A psychiatrist, Martin Dysart, investigates the savage blinding of six horses with a metal spike in a stable in Hampshire, England. The atrocity was committed by an unassuming seventeen-year-old stable boy named Alan Strang, the only son of an opinionated but inwardly-timid father and a genteel, religious mother. As Dysart exposes the truths behind the boy's demons, he finds himself face-to-face with his own. Written by
A moment of love becomes a crime of passion.
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Did You Know?
, who had played 17-year-old Alan Strang on the London stage from July 1973 and on Broadway from September 1974, was actually nearly 23 when the movie version began filming in September 1976. Firth had played Alan Strang over a thousand times on stage. See more
When Dr. Dysart is holding the "truth drug", he has his hand alternately open and closed around it. See more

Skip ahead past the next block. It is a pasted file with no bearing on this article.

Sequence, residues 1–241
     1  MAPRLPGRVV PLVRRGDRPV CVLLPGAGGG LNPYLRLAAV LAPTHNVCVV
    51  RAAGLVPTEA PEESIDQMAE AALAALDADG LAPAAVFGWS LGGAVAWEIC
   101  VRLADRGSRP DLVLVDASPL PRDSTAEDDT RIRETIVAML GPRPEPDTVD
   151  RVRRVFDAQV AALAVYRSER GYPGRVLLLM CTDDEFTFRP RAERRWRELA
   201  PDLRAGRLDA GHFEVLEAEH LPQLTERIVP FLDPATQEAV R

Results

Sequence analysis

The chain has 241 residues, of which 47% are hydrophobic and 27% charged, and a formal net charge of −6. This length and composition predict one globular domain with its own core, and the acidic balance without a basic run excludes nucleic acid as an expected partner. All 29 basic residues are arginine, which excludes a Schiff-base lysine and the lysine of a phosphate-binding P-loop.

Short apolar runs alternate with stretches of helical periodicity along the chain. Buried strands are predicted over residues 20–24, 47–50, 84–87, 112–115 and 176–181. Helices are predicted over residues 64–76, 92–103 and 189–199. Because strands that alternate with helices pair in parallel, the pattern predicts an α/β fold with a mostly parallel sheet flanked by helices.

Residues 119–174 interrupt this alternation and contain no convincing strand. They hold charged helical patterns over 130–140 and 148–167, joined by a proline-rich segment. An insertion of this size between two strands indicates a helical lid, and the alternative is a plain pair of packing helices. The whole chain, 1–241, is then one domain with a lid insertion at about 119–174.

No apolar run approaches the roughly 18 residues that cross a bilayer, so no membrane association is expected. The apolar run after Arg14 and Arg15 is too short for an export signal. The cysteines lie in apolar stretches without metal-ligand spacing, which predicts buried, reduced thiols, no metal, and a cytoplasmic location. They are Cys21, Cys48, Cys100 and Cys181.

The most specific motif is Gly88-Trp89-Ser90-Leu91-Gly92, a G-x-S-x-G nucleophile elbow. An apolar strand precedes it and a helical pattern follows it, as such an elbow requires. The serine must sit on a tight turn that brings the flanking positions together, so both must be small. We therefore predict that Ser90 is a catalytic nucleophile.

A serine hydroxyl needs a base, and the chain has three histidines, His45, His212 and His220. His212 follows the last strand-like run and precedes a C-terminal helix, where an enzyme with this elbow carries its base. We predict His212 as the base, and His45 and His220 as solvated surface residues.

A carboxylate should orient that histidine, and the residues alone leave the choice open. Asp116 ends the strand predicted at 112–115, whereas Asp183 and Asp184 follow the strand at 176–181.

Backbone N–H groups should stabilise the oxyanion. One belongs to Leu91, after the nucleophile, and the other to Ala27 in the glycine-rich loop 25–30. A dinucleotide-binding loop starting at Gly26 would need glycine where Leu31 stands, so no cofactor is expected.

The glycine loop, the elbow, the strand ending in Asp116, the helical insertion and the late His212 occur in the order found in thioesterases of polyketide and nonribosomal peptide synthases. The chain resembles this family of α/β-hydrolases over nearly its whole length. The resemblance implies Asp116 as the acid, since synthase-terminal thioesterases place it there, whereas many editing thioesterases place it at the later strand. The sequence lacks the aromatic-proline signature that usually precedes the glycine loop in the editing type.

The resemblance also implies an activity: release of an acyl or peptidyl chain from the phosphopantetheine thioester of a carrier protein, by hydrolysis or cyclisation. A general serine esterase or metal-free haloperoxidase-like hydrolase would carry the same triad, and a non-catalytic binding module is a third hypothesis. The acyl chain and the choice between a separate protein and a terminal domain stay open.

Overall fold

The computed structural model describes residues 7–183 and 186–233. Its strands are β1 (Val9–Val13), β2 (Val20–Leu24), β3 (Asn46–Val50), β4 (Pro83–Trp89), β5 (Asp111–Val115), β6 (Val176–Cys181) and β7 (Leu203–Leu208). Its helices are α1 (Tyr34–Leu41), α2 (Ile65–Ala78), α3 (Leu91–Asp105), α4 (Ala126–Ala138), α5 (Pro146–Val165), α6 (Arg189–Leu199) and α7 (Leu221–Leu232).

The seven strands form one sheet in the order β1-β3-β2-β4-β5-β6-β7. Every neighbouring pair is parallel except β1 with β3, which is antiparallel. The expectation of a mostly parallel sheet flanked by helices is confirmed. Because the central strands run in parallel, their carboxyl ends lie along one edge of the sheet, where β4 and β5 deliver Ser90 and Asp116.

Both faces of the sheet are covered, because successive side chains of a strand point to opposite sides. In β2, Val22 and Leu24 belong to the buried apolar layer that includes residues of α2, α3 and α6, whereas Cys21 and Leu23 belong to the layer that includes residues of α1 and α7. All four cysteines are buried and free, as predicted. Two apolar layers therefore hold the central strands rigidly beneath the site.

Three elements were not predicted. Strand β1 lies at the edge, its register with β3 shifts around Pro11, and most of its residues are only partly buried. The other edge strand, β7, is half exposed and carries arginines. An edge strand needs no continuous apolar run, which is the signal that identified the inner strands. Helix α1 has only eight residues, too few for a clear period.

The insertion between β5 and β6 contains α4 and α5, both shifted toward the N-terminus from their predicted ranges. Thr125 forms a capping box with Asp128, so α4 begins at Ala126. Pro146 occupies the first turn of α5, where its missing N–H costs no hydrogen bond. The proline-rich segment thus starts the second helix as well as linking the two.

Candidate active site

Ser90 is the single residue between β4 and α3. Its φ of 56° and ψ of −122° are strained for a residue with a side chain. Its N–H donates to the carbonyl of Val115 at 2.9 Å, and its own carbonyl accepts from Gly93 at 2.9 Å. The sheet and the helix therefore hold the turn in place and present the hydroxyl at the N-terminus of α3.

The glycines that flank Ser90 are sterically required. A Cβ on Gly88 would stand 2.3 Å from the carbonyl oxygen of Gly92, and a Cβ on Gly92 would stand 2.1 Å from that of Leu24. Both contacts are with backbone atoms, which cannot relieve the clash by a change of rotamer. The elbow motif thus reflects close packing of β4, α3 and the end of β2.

Afterward he says, they always embrace. The animal digs his sweaty brow into his cheek, and they stand in the dark for an hour, like a sated couple. And of all nonsensical things, I keep thinking about the horse, not the boy. The horse and what he might be trying to do. I keep seeing the huge head, kissing him with its chained mouth, nudging from the metal some desire absolutely irrelevant to fulfilling its bearing or propagating its own kind. What desire could this be? Not to stay...
Music by Nick Ingman
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